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“A tennis ball has rolled its way down into a hole. This particular hole is extremely deep and has a sharp bend in the middle, making the ball impossible to retrieve by hand. To make matters worse, the ground around the hole is made of hard clay, so digging the ball out isn't an option. However, you have something incredibly commonplace on hand that you can use to get the ball out. What do you use to get the ball out? Answer in five letters.”
“‘You can't reach the bottom of the hole, so how about trying to find some tool that can,’ you say? No, no, that's not the way. Is there some way you can get the ball to come to the mouth of the hole?”
“Think about the particular characteristics of a tennis ball. It bounces, it's light... Well, it has many interesting properties, but what happens when you throw a tennis ball into a lake?”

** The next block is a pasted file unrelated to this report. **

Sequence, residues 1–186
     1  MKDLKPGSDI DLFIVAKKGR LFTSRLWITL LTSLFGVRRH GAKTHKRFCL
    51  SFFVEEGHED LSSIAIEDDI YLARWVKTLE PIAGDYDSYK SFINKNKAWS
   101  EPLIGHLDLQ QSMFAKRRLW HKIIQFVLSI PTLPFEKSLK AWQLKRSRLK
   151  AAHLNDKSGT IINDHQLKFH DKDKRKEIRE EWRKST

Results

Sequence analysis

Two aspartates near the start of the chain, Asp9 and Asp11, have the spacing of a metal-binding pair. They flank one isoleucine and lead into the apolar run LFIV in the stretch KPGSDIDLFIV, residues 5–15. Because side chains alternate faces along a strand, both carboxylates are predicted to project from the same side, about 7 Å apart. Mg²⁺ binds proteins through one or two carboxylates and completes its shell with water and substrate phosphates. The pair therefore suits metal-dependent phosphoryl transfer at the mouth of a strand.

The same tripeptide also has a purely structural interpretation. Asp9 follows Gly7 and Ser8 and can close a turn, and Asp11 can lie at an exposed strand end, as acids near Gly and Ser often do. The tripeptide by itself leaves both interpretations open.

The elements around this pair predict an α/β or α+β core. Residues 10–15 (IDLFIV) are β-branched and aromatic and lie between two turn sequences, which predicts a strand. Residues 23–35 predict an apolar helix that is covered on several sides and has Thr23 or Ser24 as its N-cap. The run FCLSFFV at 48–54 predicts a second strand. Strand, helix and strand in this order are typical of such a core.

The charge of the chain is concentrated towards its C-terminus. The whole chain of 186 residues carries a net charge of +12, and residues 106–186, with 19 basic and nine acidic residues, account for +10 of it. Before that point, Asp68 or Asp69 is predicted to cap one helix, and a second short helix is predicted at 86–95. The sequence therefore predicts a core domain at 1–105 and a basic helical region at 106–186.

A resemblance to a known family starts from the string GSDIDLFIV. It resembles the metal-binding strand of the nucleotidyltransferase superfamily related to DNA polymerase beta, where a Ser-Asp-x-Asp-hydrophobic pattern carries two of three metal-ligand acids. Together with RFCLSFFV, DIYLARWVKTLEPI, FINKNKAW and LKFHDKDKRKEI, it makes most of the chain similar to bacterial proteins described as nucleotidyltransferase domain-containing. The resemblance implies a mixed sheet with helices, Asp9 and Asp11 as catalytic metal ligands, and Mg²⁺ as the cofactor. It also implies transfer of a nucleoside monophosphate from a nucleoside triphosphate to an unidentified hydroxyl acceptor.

“If a great rainstorm were to come along right now, you could probably retrieve your ball without doing anything at all. Think about why that is. And just what is “rain,” anyway?”
If you can't reach in and grab the ball, you're going to have to get the ball to come to you.
“That's correct! Theoretically, you could any liquid in which tennis balls can float, but water is the liquid you would most likely have handy. Since the ground is hard to clay, there's little chance of the water getting absorbed into the surrounding earth. Tha ball should come up with little difficulty.”
Die Lösung ist: WATER (jap. みず).
- Das Rätsel kommt im ersten Band von Professor Layton und seine lustigen Fälle vor.
|Rätsel in den Spielen|